Barbara Steveni was born in Iran (Persia) and raised in Devon and India. She was awarded a scholarship to study at Chelsea School of Art from 1948 – 1951 and later conceived and co-founded the Artist Placement Group (APG) in the UK, described as “one of the most radical social experiments of the 1960s”.
The idea was to expand the reach of art and artists into organisations of all kinds at all levels, including decision-making, and on a basis equivalent to any other engaged specialist. It began with commerce and industry and then turned to governmental organisations. Its founding artists, working in the emergent field of conceptual art and multimedia of that time were Barry Flanagan, David Hall, John Latham, Anna Ridley and Jeffrey Shaw.
Between 1989 – 1995 Steveni ran the Southwark Education Research Project (SERP) with Southwark Education Department. SERP engaged over 1,500 children and teachers by placing artists in fifteen schools across the London borough of Southwark. SERP created interventions in the schools it worked with, encouraging participants to question the education process and providing new ways for them to engage with the arts. The project created a model for replication across the country by involving the local authority, the inspectorate, teachers and pupils – and in doing so gained recognition nationally and internationally.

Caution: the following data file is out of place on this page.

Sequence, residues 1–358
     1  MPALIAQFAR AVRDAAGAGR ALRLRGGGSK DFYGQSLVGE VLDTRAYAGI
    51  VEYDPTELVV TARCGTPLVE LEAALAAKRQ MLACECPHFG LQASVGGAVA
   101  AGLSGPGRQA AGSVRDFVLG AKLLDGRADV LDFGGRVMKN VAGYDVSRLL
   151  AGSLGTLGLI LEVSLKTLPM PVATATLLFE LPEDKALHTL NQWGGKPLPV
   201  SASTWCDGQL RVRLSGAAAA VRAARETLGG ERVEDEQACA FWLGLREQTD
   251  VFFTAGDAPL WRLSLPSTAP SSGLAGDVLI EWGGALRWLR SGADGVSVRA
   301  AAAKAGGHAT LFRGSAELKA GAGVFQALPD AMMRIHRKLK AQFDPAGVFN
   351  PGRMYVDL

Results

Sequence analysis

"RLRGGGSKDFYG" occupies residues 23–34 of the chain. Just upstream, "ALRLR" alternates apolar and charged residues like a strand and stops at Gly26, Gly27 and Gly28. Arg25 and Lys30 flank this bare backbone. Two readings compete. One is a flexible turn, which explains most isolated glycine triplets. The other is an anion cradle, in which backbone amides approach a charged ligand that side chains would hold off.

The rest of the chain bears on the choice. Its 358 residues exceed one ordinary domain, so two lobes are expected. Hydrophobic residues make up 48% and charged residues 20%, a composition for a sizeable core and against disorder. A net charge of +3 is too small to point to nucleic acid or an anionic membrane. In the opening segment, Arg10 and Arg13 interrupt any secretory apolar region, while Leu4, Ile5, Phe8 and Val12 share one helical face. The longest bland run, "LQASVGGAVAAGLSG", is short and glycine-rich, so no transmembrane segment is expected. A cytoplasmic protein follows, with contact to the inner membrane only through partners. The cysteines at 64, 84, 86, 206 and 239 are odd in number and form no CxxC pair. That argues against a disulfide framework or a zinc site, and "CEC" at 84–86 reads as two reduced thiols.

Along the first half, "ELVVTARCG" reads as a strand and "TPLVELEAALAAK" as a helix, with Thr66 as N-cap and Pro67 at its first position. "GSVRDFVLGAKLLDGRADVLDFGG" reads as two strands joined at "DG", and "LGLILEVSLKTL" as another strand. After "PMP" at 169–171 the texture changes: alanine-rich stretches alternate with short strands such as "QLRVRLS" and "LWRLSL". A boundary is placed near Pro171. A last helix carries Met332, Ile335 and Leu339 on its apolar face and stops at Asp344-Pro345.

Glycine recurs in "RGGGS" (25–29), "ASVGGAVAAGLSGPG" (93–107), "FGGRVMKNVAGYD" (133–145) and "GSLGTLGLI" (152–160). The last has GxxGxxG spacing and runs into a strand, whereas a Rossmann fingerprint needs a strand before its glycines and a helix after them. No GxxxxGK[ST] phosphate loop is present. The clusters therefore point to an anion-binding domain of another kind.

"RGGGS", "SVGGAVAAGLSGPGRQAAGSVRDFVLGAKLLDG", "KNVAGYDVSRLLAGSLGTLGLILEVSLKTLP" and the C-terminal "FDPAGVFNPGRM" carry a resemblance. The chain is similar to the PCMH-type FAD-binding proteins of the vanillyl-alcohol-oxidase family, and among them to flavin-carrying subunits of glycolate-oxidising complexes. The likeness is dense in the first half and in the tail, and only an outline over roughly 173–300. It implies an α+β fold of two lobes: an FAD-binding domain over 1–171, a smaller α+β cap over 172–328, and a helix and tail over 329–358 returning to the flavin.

In 2018 Peckham Platform revisited SERP’s significance, at a time when the UK’s education policy focused overwhelmingly on measuring attainment through exam results and league tables, and increased bureaucracy coupled with reduced budgets resulted in a reduction in the opportunities for young people to engage with culture and the creative process in-school.
The SERP Reactivated project had two main strands – securing and reactivating the archive of the original SERP; and public programmes at Tate Exchange and Flat Time House, which presented highlights from the archive alongside new material created through collaboration between artists Barby Asante and Barbara Steveni.